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    Yep, just takin er for a test drive. I ain't startin my own bloggity blog blog thingamajig.
  4. tilt's Avatar
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    Great blog entry Immolate, and I totally agree, you know if it feels right. I've tried many different techniques over the years, all from drawing letter from a scrabble game, punching random letters on a keyboard and referencing from the appendixes in Silmarilion. But today I mostly just "sound" my way to a name - I also often use normal words to create city or town names - Breakwater, Silvergroove, Bull's Hammock, Cliffs of the Hand, Millers Hill, Dark Wood etc etc ... most of those just thought of this very moment *lol* to illustrate my point.
    Oh, and tilt is thought of the same way - just needed a name for my very first chat session and thought of tilt, it stuck
  5. Immolate's Avatar
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    Good thoughts tilt, and you reminded me of a hazard of using foreign language names that "sound right". Too often, the name sounds right because it's a word in the foreign language that you've heard before but don't remember consciously. Even if that isn't the case, it might still be a word. You run the danger of accidently inventing a town called "The City of Dripping Snot" in Danish. Of course, in Britain, such a name would be par for the course.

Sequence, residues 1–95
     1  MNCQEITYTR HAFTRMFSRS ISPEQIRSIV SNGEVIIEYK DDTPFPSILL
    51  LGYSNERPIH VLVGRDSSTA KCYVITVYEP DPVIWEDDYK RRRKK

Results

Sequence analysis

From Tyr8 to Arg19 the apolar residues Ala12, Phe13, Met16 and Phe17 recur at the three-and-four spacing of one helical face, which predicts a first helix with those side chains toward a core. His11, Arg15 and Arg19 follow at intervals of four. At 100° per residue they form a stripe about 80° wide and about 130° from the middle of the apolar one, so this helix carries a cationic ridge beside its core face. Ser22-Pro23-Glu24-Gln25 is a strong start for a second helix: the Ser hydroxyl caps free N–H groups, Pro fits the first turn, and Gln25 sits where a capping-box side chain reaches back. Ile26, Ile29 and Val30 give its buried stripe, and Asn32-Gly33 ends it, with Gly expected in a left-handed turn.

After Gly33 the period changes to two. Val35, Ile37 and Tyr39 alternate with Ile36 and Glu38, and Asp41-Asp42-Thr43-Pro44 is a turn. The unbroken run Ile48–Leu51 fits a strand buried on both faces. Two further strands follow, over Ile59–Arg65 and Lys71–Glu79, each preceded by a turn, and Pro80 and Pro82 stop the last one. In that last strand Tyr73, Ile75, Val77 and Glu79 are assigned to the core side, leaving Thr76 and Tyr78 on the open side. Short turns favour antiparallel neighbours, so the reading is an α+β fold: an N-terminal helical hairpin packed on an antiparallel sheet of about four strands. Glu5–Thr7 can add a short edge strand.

6. tilt's Avatar
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    *lol*... yes, and I've been to the City of Dripping Snot, its not a nice place
    and what reminded you - was it the hammock *lol*... didn't go with banana though
  7. Redrobes's Avatar
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    Sorry to point out you spelled Tolkien wrong but never mind, while were on the subject I had problems with his names too only in that several are similar. You have Sauron and Sauroman, Eowyn and Arwen, Erebor and Eriador etc but besides that there are some fantastic ones as well like Gondor, Lorien and Aragorn for example. Without the strange names and genuine strange language you would not get the feeling of depth in those books.
  8. Immolate's Avatar
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    I'm glad you pointed it out. I have enough trouble getting common words correct these days. I agree now that the names are rich and textured, but then they were awkward... or seemed so to me. Even then I had lived in many places, but they were all English-speaking, with a few months here and there spent in Germany.
  9. Midgardsormr's Avatar
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    Sorry to point out you spelled Saruman wrong, RR. hee hee.

    I don't generally worry about whether the name I've chosen means something in Danish or Swahili or Latvian. First, because the chances of someone who speaks one of those languages seeing my map is somewhat small, and second because it's not an uncommon phenomenon even with real-world names. Like trying to market the Chevy Nova in Mexico. Nova's a great word in English, but in Spanish not so much.

    Anyway, if somebody in Cambodia wants to mock me because I named a country "Donkeyland," that's okay, because I probably can't understand what they're saying about me!